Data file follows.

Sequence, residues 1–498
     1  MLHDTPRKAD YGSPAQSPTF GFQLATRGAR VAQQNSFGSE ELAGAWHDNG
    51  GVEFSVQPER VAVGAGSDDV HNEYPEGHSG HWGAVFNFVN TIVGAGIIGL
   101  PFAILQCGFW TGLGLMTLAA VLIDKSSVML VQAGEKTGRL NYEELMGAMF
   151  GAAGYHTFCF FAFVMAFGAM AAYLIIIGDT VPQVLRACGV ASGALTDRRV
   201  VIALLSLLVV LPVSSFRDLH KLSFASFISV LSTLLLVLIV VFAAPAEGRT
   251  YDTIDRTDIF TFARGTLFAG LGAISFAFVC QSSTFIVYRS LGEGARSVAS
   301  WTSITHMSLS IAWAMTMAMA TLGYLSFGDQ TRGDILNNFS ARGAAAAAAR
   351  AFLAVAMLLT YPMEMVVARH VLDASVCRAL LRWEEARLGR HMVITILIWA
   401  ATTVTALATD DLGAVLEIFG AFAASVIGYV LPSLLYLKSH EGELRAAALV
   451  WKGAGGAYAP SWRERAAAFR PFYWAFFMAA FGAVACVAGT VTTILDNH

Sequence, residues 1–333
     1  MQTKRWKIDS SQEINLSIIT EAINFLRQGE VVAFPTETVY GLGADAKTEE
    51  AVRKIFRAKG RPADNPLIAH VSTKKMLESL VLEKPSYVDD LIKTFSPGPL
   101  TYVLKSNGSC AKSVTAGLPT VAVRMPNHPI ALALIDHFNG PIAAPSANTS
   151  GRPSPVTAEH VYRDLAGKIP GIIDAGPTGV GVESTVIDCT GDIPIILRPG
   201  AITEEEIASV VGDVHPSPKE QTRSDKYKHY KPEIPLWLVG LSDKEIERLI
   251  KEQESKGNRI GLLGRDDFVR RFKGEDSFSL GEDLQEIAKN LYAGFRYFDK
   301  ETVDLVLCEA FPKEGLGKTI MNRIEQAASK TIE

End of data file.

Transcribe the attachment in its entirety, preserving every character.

Sequence, residues 1–498
     1  MLHDTPRKAD YGSPAQSPTF GFQLATRGAR VAQQNSFGSE ELAGAWHDNG
    51  GVEFSVQPER VAVGAGSDDV HNEYPEGHSG HWGAVFNFVN TIVGAGIIGL
   101  PFAILQCGFW TGLGLMTLAA VLIDKSSVML VQAGEKTGRL NYEELMGAMF
   151  GAAGYHTFCF FAFVMAFGAM AAYLIIIGDT VPQVLRACGV ASGALTDRRV
   201  VIALLSLLVV LPVSSFRDLH KLSFASFISV LSTLLLVLIV VFAAPAEGRT
   251  YDTIDRTDIF TFARGTLFAG LGAISFAFVC QSSTFIVYRS LGEGARSVAS
   301  WTSITHMSLS IAWAMTMAMA TLGYLSFGDQ TRGDILNNFS ARGAAAAAAR
   351  AFLAVAMLLT YPMEMVVARH VLDASVCRAL LRWEEARLGR HMVITILIWA
   401  ATTVTALATD DLGAVLEIFG AFAASVIGYV LPSLLYLKSH EGELRAAALV
   451  WKGAGGAYAP SWRERAAAFR PFYWAFFMAA FGAVACVAGT VTTILDNH

Sequence, residues 1–333
     1  MQTKRWKIDS SQEINLSIIT EAINFLRQGE VVAFPTETVY GLGADAKTEE
    51  AVRKIFRAKG RPADNPLIAH VSTKKMLESL VLEKPSYVDD LIKTFSPGPL
   101  TYVLKSNGSC AKSVTAGLPT VAVRMPNHPI ALALIDHFNG PIAAPSANTS
   151  GRPSPVTAEH VYRDLAGKIP GIIDAGPTGV GVESTVIDCT GDIPIILRPG
   201  AITEEEIASV VGDVHPSPKE QTRSDKYKHY KPEIPLWLVG LSDKEIERLI
   251  KEQESKGNRI GLLGRDDFVR RFKGEDSFSL GEDLQEIAKN LYAGFRYFDK
   301  ETVDLVLCEA FPKEGLGKTI MNRIEQAASK TIE